CHANGING THE GRADE
K-12 Committee Recommendations
Under state standards, Vermont schools are required to teach certain personal finance concepts to all students, but progress has been slow and an increased emphasis on implementation is needed. We believe that financial education is important at all K-12 levels and note that numerous excellent resources already exist that can be integrated into social studies, math, economics, business education, and other areas of the curriculum.
K-12 FINANCIAL LITERACY
We applaud the passionate teachers who are working on a class-by-class basis to teach personal finance, however, this approach does not reach the entire student population, and the integration of these materials is not occurring at a pace sufficient to address the lack of financial literacy in our schools.
Where opportunities for personal finance instruction exist, teachers report that students are very engaged and positive. For example, 135 schools in the state use Reading is an Investment (an elementary school program), between 30 and 40 schools play the “Stock Market Game,” the State Treasurer’s Office draws a number of high school teams to its annual “Treasury Cup” economic competition, and there is an online personal finance high school course through the Vermont Virtual Learning Cooperative. The Champlain College Center for Financial Literacy also plays a key role in preparing educators to teach financial literacy (a topic not currently taught in teacher education programs in the state).
These “success stories” are overshadowed by the fact that only seven out of 65 Vermont high schools currently have graduation requirements for financial literacy (Burlington, Fair Haven Union, Missisquoi Valley, Mount Abraham Union, Spaulding, U-32 and Vergennes Union). Many more offer electives but, based on survey data, it is estimated that more than two-thirds of graduating seniors do not enroll in a financial literacy class for a variety of scheduling reasons.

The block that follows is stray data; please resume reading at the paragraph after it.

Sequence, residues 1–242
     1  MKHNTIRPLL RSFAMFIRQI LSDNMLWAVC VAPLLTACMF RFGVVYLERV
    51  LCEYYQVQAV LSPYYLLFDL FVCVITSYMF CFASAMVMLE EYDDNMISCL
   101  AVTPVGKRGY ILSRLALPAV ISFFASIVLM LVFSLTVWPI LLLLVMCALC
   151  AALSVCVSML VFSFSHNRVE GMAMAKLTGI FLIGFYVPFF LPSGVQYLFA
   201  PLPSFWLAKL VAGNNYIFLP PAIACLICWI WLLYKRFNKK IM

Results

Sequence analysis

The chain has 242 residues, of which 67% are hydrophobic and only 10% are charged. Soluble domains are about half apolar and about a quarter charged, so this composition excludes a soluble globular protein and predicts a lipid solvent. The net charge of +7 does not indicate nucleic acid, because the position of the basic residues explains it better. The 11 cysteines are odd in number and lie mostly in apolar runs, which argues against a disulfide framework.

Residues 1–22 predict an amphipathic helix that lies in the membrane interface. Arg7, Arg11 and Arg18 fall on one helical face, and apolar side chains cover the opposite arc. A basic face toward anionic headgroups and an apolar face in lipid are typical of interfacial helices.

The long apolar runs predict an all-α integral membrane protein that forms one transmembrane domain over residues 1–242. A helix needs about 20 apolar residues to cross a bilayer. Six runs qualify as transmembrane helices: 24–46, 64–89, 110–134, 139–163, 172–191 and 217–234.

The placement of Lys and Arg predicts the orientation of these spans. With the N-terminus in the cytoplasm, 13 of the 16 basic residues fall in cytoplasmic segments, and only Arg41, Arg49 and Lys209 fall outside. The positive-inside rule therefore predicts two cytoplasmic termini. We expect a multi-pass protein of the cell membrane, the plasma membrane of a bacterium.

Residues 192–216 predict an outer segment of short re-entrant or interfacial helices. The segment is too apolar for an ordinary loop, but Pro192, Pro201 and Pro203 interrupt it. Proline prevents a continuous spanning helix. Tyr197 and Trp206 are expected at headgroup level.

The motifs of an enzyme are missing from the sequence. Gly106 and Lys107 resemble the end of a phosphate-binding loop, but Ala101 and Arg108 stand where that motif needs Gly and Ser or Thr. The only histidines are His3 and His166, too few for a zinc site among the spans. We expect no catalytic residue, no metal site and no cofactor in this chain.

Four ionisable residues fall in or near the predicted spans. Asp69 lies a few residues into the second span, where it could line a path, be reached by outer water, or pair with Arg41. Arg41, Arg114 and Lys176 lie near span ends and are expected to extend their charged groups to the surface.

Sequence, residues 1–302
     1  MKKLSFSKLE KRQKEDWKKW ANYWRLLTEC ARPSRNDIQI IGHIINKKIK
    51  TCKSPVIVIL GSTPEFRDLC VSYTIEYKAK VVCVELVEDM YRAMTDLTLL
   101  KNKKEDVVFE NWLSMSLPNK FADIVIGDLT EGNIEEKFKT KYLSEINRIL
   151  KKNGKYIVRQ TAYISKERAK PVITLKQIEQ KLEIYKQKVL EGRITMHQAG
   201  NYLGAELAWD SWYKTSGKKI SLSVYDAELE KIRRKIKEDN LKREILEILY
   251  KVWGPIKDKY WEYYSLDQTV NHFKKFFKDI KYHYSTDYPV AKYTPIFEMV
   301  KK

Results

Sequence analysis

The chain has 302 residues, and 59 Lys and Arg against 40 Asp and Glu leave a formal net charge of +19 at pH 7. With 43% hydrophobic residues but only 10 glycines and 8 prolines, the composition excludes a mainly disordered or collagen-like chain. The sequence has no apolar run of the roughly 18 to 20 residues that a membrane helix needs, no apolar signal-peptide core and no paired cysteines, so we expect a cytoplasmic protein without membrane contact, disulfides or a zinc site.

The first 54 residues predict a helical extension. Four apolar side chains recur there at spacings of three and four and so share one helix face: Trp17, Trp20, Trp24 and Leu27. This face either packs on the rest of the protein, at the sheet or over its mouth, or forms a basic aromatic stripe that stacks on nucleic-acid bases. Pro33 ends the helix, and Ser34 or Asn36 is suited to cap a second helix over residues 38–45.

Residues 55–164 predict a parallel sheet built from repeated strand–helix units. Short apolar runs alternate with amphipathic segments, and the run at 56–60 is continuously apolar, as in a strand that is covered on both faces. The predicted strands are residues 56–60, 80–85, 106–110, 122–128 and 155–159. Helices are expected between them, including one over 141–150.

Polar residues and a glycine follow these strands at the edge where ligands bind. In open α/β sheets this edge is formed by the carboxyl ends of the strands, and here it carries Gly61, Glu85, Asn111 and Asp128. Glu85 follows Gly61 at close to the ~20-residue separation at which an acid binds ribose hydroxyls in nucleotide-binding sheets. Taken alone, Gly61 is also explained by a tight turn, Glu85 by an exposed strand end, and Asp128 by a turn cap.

Keeping in mind our commitment to be practical, impactful and realistic, a careful review of the current education landscape in Vermont led to these understandings:
· The current environment of budget cuts and consideration of major changes in school financing including consolidation, Common Core implementation, multiple new standards, and Personal Learning Plans under Act 77 have resulted in extraordinary pressures on schools;
· Vermont’s long tradition of independent school districts means there is no appetite for state-mandated graduation requirements for coursework on financial literacy; and
· Successful school districts with financial literacy graduation requirements have provided these course offerings with existing educators at modest or no cost to the school district.
There are, however, some clear opportunities to move forward. Vermont’s Framework of Standards and Learning Opportunities has not been updated since the year 2000 and financial literacy could be an integral part of a review on social sciences standards. There are also opportunities for competency-based approaches. Personal Learning Plans could include the goal of preparing students for further education and work. Finally, the excellent information from other state and national efforts around financial literacy could be tailored by Vermont educators to advance curriculum, lesson plans and assessment at the local level.
We believe there is an urgent need to change this picture and recommend a multi-pronged approach to systematically advance the level of personal finance proficiency for students graduating from Vermont schools. Through improvement in the current personal finance education standards, universal and easy access to these topics for all Vermont students, and the provision of appropriate tools, schools and educators will have the resources they need to succeed in implementing personal finance education.
1. Vermont’s existing personal economics and career choices education standards should be updated to reflect highly regarded national and international financial literacy standards.